Missed the event? Watch the video recording here


On Tuesday, the International Press Institute (IPI) kicked off its virtual World Congress 2020 with three expert talks featuring leading journalists, editors and media executives from around the world discussing challenges facing the media industry and journalism in the digital age.

Day one of IPIWoCo saw three online webinars focus on different aspects of how the transition from print to online media had radically transformed news, drove innovation and forced journalists to adapt to a host of fresh challenges for the industry and its journalists.

In the World Congress’ second event, IPI’s Congress & Membership Adviser Jacqui Park was joined by Espen Egil HansenFormer Director of New Media Concepts at Norway-based Schibested, Ferial HaffajeeAssociate Editor of the South Africa-based Daily Maverick, and Süddeutsche Zeitung Editor-in-Chief, Wolfgang Krach to talk about their business models, products and their revenues and the challenges of staying afloat as a media company in today’s economy.

Hansen explained the transformation from print media to a model that relies on digital subscription had changed everything from the newsroom, to the work culture, to how the commercial side of the news business functions. “It effects all sides of the business”, he explained. However, he argued that digital subscription also works better with journalism because of a closer relationship with the audience: “It became a positive drive for journalism.”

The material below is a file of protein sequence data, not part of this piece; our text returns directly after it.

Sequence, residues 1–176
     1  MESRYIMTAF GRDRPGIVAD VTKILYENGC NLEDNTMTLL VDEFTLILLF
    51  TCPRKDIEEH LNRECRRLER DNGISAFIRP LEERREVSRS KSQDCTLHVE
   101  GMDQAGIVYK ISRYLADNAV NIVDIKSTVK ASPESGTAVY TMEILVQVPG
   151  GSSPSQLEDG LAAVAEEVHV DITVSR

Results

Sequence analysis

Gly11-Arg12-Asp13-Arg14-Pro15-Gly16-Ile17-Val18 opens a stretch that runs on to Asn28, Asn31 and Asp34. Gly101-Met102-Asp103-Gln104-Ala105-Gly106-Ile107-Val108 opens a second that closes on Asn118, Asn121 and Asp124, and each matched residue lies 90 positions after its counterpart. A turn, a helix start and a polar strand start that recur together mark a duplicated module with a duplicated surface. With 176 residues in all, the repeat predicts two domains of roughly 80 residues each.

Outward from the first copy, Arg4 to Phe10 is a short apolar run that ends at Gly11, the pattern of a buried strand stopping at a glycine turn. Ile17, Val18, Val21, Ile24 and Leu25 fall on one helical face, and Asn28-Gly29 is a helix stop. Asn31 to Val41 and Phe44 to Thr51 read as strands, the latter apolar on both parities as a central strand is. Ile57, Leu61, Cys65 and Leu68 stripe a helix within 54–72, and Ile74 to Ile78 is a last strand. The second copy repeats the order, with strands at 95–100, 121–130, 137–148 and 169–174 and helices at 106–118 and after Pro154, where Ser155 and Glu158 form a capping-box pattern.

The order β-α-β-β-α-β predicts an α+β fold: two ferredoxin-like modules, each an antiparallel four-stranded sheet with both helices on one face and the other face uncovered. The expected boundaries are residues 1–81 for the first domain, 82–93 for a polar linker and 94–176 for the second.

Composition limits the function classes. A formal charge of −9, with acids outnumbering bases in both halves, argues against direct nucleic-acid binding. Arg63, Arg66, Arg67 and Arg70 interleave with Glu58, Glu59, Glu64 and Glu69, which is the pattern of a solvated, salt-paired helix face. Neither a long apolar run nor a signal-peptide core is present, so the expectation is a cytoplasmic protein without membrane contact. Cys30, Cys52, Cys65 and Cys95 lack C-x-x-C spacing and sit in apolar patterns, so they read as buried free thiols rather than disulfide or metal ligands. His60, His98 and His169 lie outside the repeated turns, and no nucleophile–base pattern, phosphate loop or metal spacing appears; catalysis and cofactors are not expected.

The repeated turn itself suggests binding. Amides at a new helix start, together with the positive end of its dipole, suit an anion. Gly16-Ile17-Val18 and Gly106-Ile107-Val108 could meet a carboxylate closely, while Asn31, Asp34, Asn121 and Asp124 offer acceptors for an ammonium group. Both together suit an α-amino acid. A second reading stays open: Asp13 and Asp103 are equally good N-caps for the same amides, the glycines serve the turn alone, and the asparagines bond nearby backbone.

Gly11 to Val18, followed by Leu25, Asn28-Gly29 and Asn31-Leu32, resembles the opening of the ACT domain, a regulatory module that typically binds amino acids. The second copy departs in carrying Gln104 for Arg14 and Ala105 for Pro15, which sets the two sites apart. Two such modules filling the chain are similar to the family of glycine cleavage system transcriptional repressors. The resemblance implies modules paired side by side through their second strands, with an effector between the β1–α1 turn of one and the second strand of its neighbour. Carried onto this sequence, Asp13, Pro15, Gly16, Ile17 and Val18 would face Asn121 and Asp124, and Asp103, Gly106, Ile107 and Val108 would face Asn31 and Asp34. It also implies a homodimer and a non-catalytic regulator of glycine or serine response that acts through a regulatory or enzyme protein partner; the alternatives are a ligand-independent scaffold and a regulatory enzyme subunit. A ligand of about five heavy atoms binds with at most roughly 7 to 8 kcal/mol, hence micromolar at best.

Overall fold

Hansen also shared the myths around young people’s relationship with the news, arguing that there are different ways of storytelling that attracts young reader’s attention if news outlets focus on the quality of the digital.

Krach explained that Süddeutsche Zeitung was not in a “safe harbour” but that the newspapers had managed to stabilize its finances. Discussing the transitions that Süddeutsche Zeitung had gone through, he said: “We didn’t do them because we wanted to do them. We did them because we were forced to do them because of the economic situation.”

“The important decision we made was about 15 years ago when we were thinking about the questions: ‘What differentiates us from others? ‘Why do people read Süddeutsche Zeitung in Germany?” he said. “We made the decision to invest into creating a new unit for investigative journalism despite all the budgetary restraints we had. This was the only new unit started in the newsroom. We decided that was the crucial thing we wanted to do at the newspaper.”

Krach said that while the Süddeutsche Zeitung did not have a membership or subscription model, “our relationship changed drastically in recent years, related to the social media presence we have.” He added: “The relation is much closer compared to printed newspapers”. However, he underlined that within five years, media outlets would have to find a way to sustain themselves financially without relying on advertisement revenues.

Haffajee explained the Daily Maverick had never had a print edition and that much like the German newspaper, her publication had also formed its identity around investigative journalism. “One of these big stories we published caused a seismic shift in the political situation and saw trust in investigative journalism grow substantially enough for the Maverick to grow a membership base,” she said. “These members now support our work as part of a three-legged strategy alongside philanthropy and advertising.”

She explained the readers were “deeply embedded” in the newspaper. “This model is one that speaks to my heart because it’s close to the democratic concepts of what I think journalism should be,” she added. Haffajee said that this business model meant accountability had also changed because it relies less on the market but more on the readers.